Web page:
One common feature in Victorian house plans are sash windows and bay windows. Plate glass arrived in 1832, five years before Queen Victoria took the throne. True Victorian windows had six and later four paned windows with a vertical glazing bar down the middle. Bay windows were also a feature of Victorian houses. If you want something that is truly Victorian inspired, then you should consider decorating around your windows exterior.
Of course, technology today is different, and while we don’t need a fireplace in every single room, the decorative look of a Victorian house plan is a draw for some people. With its asymmetrical facade, decorative porches, and steeply pitched roofs, whether you want a house out of the history books or something with a bit of a modern edge, a Victorian house plan is usually a good choice. Check out our collection of Victorian house plans for functional, decorative takes on this popular and timeless design.
Whether you are building a new home or you are remodeling your kitchen, the question of whether to install a gas or electric stovetop is somewhere near the top of your list. The question of whether one is greener than the other, well, I’m sorry to say there isn’t a perfect solution, but here are a few pros and cons to each option.
According to the Department of Energy, 4.5% of the energy used in a household is from cooking, so deciding whether you want a gas or electric stovetop is more a matter of preference than it is reducing your carbon footprint. The fact is that gas stovetops provide instant heat and provide cooks with greater control over the temperatures, making them more efficient than their electric counterparts.
The energy for the stoves is either traced back to an electric power plant or a natural gas line. In short, you are still drawing power no matter what you decide to use. What are some green alternatives to a stovetop for those who love to cook.
Well, there’s a microwave. Most of today’s microwaves use convection technology and work well when cooking smaller dishes. If you are cooking for a larger family or plan on making roasts every so often, then consider a stovetop that uses induction heating. Induction stovetops create heat faster by magnetically accelerating metal particles in steel, cast-iron, and some stainless steel pots. Induction stovetops transfer 90% of the heat they generate to the pot, as opposed to 35 to 40% for gas stoves, and 70% for electric stovetops. The only drawback is the price tag. Induction stovetops can cost between $700 and $1,300 where as traditional gas and electric stovetops only cost about $300.
Whether you’re a casual or a professional chef, how you choose to select your appliances and design your kitchen is a matter of preference. If cooking is your passion, take a look at our collection of fabulous kitchen house plans, any of which will look great with a gas or electric stovetop.
The editors of The House Designers present the 10 best-selling house plans of 2012 from a collection of over 6,000 home designs from America’s leading architects and designers. These popular home designs share many similarities, including size, energy-efficiency and open and flexible living spaces. Of the top 10 home plans, 9 were less than 2,500 sq. ft. When it came to architectural style, all of these homes were craftsman, cottage and ranch house plans with a preference for attached garages, basement foundations and bonus spaces. Each plan features an outdoor living space in its design from lanais to barbeque patios to in-ground pools. Nine were one-story homes – a trend that is expected to continue as Baby Boomers age and new homeowners look for floor plans to age in place.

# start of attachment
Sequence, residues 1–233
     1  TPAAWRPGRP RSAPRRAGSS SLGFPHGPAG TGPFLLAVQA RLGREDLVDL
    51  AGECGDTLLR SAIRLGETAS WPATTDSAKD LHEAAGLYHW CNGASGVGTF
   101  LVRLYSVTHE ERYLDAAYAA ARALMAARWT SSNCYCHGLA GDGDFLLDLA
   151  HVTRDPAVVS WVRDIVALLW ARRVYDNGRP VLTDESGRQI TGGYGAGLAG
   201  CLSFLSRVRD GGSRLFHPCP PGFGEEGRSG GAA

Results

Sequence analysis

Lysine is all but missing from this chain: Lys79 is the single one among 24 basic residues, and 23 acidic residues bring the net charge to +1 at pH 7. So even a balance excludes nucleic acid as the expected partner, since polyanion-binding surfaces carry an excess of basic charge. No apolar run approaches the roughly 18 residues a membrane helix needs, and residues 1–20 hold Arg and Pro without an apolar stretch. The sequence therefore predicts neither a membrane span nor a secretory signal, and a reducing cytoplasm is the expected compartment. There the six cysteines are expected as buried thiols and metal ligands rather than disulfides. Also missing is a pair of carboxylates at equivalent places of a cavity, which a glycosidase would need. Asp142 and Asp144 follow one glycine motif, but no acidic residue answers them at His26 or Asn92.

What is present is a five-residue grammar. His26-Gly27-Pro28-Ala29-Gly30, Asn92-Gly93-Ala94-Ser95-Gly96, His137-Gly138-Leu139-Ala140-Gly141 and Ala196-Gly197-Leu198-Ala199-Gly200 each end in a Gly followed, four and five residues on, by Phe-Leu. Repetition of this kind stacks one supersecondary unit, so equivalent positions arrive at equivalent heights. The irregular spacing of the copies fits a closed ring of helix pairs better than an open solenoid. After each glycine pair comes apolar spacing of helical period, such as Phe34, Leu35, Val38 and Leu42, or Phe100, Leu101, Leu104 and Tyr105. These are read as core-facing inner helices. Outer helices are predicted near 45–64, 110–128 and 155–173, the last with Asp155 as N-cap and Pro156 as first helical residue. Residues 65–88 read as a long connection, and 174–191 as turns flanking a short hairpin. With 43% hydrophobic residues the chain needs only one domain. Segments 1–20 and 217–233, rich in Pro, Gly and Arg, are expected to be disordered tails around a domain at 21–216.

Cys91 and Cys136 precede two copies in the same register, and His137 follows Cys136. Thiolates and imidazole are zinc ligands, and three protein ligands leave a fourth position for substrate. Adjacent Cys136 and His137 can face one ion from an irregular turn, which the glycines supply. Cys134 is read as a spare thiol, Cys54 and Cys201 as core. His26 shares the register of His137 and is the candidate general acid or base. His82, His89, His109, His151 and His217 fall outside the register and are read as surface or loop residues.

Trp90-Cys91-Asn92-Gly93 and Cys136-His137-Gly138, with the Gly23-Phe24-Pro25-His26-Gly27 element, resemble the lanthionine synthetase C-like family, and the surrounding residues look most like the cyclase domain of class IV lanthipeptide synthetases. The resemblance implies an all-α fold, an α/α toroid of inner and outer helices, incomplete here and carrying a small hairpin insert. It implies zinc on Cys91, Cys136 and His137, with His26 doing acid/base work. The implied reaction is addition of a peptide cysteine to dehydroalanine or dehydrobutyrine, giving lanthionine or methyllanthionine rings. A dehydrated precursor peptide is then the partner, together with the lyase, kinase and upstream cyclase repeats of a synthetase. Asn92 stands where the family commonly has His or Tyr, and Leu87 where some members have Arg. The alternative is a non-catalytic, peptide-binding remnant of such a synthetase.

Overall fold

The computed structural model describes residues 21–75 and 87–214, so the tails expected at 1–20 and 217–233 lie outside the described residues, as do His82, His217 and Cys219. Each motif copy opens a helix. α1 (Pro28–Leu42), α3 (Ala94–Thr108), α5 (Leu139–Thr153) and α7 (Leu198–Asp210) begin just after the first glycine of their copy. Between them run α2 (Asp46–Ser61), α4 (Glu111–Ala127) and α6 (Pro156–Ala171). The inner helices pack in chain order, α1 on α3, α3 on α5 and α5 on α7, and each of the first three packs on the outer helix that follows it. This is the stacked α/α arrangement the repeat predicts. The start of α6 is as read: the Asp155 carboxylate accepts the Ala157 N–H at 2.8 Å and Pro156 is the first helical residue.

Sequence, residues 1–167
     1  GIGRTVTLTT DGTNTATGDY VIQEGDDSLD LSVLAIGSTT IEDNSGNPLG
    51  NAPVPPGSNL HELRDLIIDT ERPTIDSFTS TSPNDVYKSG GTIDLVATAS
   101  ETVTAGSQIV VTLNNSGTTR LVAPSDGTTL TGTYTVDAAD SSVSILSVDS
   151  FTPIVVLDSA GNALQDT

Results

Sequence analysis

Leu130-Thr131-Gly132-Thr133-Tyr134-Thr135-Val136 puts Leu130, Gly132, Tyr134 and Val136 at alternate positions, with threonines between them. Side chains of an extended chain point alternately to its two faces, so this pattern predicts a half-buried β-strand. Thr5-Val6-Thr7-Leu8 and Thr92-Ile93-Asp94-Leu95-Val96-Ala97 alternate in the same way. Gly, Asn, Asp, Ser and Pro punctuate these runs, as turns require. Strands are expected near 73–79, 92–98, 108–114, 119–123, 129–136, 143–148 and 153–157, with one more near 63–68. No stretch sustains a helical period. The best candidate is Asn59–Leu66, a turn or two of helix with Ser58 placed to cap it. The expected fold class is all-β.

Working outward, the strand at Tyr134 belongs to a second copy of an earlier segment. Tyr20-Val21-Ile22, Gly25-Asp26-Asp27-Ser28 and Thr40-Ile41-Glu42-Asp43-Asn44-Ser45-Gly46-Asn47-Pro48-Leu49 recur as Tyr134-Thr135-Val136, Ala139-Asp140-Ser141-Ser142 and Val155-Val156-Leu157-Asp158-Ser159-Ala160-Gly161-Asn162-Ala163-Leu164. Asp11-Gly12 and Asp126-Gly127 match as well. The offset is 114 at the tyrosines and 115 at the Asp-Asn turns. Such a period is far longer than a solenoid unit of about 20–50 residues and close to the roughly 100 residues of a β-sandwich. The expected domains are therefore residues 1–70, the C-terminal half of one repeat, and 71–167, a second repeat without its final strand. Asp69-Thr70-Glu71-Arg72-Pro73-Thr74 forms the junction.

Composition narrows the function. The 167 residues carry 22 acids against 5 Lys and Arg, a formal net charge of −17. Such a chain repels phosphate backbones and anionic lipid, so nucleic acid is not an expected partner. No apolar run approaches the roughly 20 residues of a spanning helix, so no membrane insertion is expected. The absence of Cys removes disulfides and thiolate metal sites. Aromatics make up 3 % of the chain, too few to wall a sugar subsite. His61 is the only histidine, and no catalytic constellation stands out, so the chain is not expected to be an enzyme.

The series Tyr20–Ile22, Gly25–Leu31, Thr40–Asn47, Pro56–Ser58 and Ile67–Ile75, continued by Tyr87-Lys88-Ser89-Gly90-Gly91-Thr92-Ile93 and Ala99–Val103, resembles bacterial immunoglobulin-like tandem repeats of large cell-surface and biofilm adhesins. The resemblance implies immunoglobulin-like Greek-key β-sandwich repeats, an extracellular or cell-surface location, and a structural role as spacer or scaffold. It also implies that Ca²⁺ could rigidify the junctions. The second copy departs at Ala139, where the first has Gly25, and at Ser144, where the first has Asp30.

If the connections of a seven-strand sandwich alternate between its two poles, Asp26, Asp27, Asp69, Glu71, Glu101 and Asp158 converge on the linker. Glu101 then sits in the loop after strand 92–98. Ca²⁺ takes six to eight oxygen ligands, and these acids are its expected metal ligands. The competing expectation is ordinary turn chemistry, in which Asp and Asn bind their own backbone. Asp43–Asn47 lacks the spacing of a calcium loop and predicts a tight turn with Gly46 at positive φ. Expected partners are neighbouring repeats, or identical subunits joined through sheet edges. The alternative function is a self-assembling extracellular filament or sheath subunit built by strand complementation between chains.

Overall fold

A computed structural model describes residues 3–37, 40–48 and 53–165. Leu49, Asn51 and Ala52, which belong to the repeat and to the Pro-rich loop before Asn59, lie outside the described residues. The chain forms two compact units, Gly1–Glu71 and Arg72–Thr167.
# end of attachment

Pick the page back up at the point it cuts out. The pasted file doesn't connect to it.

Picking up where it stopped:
“We found that these 10 house plans are representative of the new home design trends of 2012 which include outdoor living spaces, cost-effective designs, green design elements and building products, open floor plans and bonus spaces,” said Tammy Crosby, Chief Operating Officer of The House Designers. “Homeowners and builders are looking for smaller floor plans, but don’t want to sacrifice luxury amenities and aesthetics of homes with much larger footprints, which is why these house plans are so popular.”
Here is a list of the top 10 best-selling house plans of 2012 from The House Designers:
1 – For the third year in a row, the L’Attesa di Vita House Plan remains The House Designers’ best-selling design. At 2,091 sq. ft. this versatile craftsman house plan features every amenity a homeowner could desire including a deluxe master suite, office, open kitchen and family room with a cozy breakfast nook and walk-in pantry. For outdoor living space there’s a lanai and barbeque porch with fireplace. It’s easy to extend your living space with a 349 sq. ft. bonus room above the two-car garage and optional basement floor plan with a spacious guest suite. View the floor plans and 25 images of this popular home design.
2 – Similar in design to the L’Attesa di Vita is the La Meilleure Vie House Plan with its gorgeous blend of stone and wood exterior. This home is 2,847 sq. ft. and features a three-car garage with a large 934 sq. ft. bonus room designed as a recreational space with a media, game and billiards room. Entertaining is made easy with a large family room and amenity-filled kitchen that opens to a covered lanai and barbeque porch. View this craftsman cottage house plan.
3 – The trend in ranch house plans with a craftsman, cottage styling continues with the third most popular home from The House Designers called the Montagna di Grazioso House Plan. This home was designed with great attention to detail to maximize its 2,106 square footage including a fabulous kitchen design for a small space featuring innovative storage solutions and plenty of workspace and seating. A walk-in pantry is essential for homeowners who like to stock up on supplies. View this craftsman house plan.